Obsession With Beauty

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Social Media has its pros and cons no doubt. One of the best things about it though is what it manages to teach when you are least expecting. Why just a couple of days back it taught me, rather reminded me about how as a mother I should never obsess about ‘beauty’. Yes, beauty as is preached through the glossy magazines and the silver screen. The obsession with beauty so to speak.


Here’s what happened.


I chanced upon a conversation between two rather young mothers about the appearance and dressing sense of their kids. They chatted about how it’s important to dress their children according to the changing trends. Then moved onto how worried they were about their girls not having the perfect smiles. How it is difficult to find fashionable clothes for their kids.


The conversation wasn’t about the mental and physical well-being, reading habits or education. It wasn’t about teaching them empathy or love. It was about something which on the surface seemed like a harmless conversation. After all what could possibly be wrong about two mothers discussing how their kids dress or look? But somehow it wasn’t or at least it didn’t sound right to me. Hear me out and you’ll probably see what scared me.


It might sound like I’m judging those women for a harmless conversation. And you know what, maybe I am. But their conversation reminded me of self-image issues in girls. And it wasn’t a comforting thought. Why do girls have to inherit this legacy of having to look good, this insecurity?


Now, it’s no secret that I have gapped teeth. Yes, teeth which don’t conform to the traditional beauty myth. But never in my life have I felt inadequate because of this. Do you know the reason why? Because I don’t recall even one instance when my mother or my parents made a fuss about my teeth. They were probably never worried that not having the perfect smile would hold me back or stop me from doing what I want to do or being who I want to be.


We should aim to make our kids well-rounded individuals not just well-dressed. #Parenting #Motherhood Click To Tweet


But had this been a cause for concern to my mother or if she had made it known to me, knowingly or unknowingly, I would have always been uncomfortable with my teeth, with myself. She didn’t and perhaps that’s why even now I don’t obsess on how I look.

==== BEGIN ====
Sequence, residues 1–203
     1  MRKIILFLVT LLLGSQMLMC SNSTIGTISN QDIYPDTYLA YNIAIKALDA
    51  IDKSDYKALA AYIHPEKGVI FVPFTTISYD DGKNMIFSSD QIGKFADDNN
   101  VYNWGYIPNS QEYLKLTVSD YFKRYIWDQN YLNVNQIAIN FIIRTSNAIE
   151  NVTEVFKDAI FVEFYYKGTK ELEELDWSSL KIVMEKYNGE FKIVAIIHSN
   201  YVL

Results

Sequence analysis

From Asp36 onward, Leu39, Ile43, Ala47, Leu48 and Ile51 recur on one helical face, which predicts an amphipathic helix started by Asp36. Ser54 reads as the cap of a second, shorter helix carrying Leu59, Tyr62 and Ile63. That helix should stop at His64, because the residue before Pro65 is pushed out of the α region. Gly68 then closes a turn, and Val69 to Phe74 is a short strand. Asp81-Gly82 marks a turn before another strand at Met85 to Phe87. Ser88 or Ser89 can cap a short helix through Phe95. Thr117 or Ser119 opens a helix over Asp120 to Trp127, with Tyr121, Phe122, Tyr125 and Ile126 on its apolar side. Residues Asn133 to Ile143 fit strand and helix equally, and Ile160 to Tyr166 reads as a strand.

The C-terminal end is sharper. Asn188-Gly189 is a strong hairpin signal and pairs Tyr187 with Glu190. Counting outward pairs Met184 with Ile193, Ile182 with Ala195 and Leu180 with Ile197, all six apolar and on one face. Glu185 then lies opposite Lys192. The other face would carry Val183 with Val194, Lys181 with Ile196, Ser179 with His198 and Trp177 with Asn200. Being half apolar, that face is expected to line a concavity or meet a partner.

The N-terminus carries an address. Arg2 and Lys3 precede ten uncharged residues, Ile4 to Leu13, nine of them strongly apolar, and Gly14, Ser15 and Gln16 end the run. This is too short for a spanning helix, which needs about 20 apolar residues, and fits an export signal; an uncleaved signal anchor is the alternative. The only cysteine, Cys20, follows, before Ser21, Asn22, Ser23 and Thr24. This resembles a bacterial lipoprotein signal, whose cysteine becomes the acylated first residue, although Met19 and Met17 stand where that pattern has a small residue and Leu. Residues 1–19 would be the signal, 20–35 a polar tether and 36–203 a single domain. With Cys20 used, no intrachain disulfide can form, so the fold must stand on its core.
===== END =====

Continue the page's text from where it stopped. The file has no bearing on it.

The real challenge of being a mother, a parent to a girl is not in picking the right dress for her but in ensuring she is safe and has the freedom to be who she wants to be.


Don’t get me wrong, I do love to dress well when I have the energy. But I know there are far more important things in life than how I look or what I wear. Knowledge, compassion, books, what kind of a person I am and what I’m doing with my life are things that worry me. So, when I read the conversation between those two mothers, I promised myself to be the sort of mother that my mom has been to me.


I need to teach M that while dressing well is a good quality to have or while looking beautiful feels good, there are far more important things in life than that. And most importantly beauty has nothing to do with a perfect set of teeth or fashionable clothes. If I can do just that then perhaps I’ll be at least a fraction of the kind of mother my mom is. And I’ll be able to give M a solid foundation for life. After all, we should aim to make our kids well-rounded individuals not just well-dressed. That’s the real challenge of being a mother, a parent.

What do you think?





Linking to #mg hosted by Mackenzie Glanville


22 thoughts on “Obsession With Beauty

  1. Well, our own obsession with looks and beauty gets transferred to the next gen. Sadly! When I see little girls with makeup, nail polish and discussing body hair etc. it freaks me out. A few months back, a lady was telling me that her 12-year-old daughter wanted her hair to be straightened. The parlour lady told her that she was too young. So the mum goes to another parlor. So that’s how it is. This lady was bragging to me. I didn’t know what to say!

  2. I dont’t know if you are aware of the myth that Gapped teeth bring good luck. a friends of mine in school had gapped teeth. I dont know and believe what luck or ill-luck physical features bring to a person beside talent and hardwork.

  3. I agree that too much emphasis is placed on physical appearance, rather than on other qualities, such as kindness and creativity. It would be nice if that were changed.

  4. As parents, we have a huge responsibility on our shoulders to raise self-confident children and the trend you have mentioned about parents’ obsession with their kids’ outer appearances is frightening. I really like how you have put it across: well-rounded not just well-dressed.

  5. My first reaction after reading about those 2 mothers was – Do such parents exist? Really, in this age when there is so much explosion of articles and material around this topic? But then I guess may be I am too much of a recluse or mingle and interact with like-minded people. A perfect set of teeth is good to have to avoid dental problems in future with no food bits sticking out in the gaps and causing decay and damage rather than just a perfect smile. And this applies to both boys and girls.
    Anamika Agnihotri recently posted…New beginning beckons #MondayMusingsMy Profile